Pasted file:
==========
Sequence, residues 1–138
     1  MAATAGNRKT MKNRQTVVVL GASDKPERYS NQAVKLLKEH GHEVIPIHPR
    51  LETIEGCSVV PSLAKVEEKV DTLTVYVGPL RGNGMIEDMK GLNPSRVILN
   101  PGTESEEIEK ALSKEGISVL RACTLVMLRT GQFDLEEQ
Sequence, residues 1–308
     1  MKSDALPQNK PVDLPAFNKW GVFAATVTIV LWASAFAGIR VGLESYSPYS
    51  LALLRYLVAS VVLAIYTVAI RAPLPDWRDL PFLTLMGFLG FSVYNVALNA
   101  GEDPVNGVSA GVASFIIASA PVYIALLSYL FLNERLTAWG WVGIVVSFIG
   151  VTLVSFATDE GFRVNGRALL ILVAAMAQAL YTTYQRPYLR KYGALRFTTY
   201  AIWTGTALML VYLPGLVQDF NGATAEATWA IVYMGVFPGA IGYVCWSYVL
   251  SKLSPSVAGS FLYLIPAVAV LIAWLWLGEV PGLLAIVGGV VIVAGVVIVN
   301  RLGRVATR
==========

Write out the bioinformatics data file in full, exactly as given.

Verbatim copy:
Sequence, residues 1–138
     1  MAATAGNRKT MKNRQTVVVL GASDKPERYS NQAVKLLKEH GHEVIPIHPR
    51  LETIEGCSVV PSLAKVEEKV DTLTVYVGPL RGNGMIEDMK GLNPSRVILN
   101  PGTESEEIEK ALSKEGISVL RACTLVMLRT GQFDLEEQ
Sequence, residues 1–308
     1  MKSDALPQNK PVDLPAFNKW GVFAATVTIV LWASAFAGIR VGLESYSPYS
    51  LALLRYLVAS VVLAIYTVAI RAPLPDWRDL PFLTLMGFLG FSVYNVALNA
   101  GEDPVNGVSA GVASFIIASA PVYIALLSYL FLNERLTAWG WVGIVVSFIG
   151  VTLVSFATDE GFRVNGRALL ILVAAMAQAL YTTYQRPYLR KYGALRFTTY
   201  AIWTGTALML VYLPGLVQDF NGATAEATWA IVYMGVFPGA IGYVCWSYVL
   251  SKLSPSVAGS FLYLIPAVAV LIAWLWLGEV PGLLAIVGGV VIVAGVVIVN
   301  RLGRVATR